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BURRED EDGES: 12 DAYS OF MODERN MUSIC IN HAMBURG

HAPPENINGText: Gudrun Rau

Were we really going to spend this beautiful spring-afternoon behind the 3 metre-thick concrete walls of the bunker? But, I have to admit, I really like this surreal building plus there was going to be a concert featuring Bach and Reich which sounded like a nice concept to me, so here we were.

The venue was quite surprising. A light, plain room with wooden floor and a stylish tea kitchen, the windows presenting a wonderful view over the St. Pauli soccer-stadium, the current funfair on Heiligengeisfeld and the cranes in distant harbour. The bouncy outside world seemed far away, no sound reaching inside this tiny concert hall.

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The first piece of music we were listening to was part of a composition by Michael Petermann called “Die Bachmaschine”. He also called it the “Well-Generated Clavier” (Das Wohlgenerierte Clavier) following Bach’s Well-Tempered Clavier (Das Wohltemperierte Clavier). The name of the composition derives from the fact that Peterman recorded every single of the 4000 pipes of the famous Arp-Schnitger-organ in St.-Jakobi Church in Hamburg, then composed some variation about Bach’s piece and mixed it back and forth.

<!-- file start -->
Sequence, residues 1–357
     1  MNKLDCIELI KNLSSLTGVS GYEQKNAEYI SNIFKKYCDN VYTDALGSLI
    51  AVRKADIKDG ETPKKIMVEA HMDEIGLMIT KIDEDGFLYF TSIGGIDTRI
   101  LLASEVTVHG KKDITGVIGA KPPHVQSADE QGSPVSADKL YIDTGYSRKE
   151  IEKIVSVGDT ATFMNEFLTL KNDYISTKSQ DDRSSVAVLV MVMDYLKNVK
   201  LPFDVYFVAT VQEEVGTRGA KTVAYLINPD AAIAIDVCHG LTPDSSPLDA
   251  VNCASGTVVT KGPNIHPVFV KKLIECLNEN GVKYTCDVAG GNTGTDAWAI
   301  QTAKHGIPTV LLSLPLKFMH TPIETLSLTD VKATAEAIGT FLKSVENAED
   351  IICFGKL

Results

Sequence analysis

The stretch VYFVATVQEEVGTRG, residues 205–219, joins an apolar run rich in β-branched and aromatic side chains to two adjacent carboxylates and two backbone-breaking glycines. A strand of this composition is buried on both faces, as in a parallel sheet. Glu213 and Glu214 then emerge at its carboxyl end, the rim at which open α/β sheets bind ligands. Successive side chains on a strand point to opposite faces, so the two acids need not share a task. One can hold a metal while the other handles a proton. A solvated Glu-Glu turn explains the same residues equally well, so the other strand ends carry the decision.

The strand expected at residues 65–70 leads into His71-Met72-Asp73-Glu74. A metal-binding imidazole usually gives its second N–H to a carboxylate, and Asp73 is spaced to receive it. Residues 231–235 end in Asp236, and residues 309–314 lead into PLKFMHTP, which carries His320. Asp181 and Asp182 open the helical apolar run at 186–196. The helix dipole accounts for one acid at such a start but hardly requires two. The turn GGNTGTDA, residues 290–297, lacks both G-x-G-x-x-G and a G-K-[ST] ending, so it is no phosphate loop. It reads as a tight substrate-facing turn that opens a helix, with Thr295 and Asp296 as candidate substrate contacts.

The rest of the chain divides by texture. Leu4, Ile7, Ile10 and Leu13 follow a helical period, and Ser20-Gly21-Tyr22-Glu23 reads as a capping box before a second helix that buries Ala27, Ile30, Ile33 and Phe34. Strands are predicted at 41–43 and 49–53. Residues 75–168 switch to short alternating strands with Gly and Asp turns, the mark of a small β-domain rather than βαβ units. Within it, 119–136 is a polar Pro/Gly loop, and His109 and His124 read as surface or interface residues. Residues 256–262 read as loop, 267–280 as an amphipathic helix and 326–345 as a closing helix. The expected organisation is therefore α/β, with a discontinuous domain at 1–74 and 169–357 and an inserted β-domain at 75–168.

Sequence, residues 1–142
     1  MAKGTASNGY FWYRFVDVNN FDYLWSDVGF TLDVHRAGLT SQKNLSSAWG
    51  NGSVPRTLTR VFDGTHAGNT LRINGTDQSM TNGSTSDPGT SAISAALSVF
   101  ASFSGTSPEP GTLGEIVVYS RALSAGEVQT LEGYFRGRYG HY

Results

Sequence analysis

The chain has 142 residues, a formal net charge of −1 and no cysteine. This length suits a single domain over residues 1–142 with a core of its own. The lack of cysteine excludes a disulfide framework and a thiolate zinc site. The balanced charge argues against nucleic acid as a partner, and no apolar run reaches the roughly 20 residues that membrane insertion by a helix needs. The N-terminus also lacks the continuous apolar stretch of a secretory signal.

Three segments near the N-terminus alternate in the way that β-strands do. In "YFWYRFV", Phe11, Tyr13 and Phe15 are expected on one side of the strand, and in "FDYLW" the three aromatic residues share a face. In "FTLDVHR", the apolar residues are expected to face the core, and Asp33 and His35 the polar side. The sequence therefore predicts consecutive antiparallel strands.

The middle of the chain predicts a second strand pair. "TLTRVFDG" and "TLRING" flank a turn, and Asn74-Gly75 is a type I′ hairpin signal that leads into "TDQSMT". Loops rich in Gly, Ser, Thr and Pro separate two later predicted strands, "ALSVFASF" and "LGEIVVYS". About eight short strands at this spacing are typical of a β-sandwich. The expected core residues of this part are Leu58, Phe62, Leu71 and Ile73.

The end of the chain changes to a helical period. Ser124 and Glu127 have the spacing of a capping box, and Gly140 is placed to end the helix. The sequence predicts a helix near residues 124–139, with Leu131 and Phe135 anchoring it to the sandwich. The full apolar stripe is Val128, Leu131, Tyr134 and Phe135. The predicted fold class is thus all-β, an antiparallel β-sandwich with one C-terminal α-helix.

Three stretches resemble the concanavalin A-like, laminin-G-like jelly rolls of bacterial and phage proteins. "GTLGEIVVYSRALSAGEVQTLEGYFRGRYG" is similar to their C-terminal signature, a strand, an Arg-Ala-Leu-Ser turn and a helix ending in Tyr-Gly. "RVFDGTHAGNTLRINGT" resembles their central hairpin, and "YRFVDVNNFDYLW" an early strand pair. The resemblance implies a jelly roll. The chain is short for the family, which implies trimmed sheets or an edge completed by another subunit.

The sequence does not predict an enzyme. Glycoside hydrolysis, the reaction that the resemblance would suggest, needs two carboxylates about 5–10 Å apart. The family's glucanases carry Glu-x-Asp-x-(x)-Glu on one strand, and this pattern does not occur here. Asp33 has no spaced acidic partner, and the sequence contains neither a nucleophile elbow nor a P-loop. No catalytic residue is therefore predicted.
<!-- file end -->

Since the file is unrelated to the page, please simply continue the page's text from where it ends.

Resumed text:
The incredible spectrum of the organ and the unnatural perfection gave me goose pimples and it seemed really absurd hearing such a bombastic sound coming out of a tiny loud speaker.

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The whole set was an interesting lecture about the creativity of copying, reproducing and sampling: The recorded pipes reaching back to 1500, their sound having been copied into a computer‘s memory, now being reproduced via sound system, playing Bach’s composition from 1722 but in the new version by Michael Petermann, who joined in with the “real” harpsichord, itself being a copy from a much older instrument. – Wow!

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The “Sonate in h-moll” for flute and obbligato harpsichord (which means that the right hand was playing an independent part) alternated with Steve Reich’s “Vermont-Counterpoint” played by the flute and the “Electric Counterpoint” played by the harpsichord, both accompanied by the reproduced harpsichord sound coming out of the speakers. This confrontation of Bach’s and Reich’s music showed striking resemblance between the latter, both having straight, monotounous parts and parts where the phasing produced swing sound.

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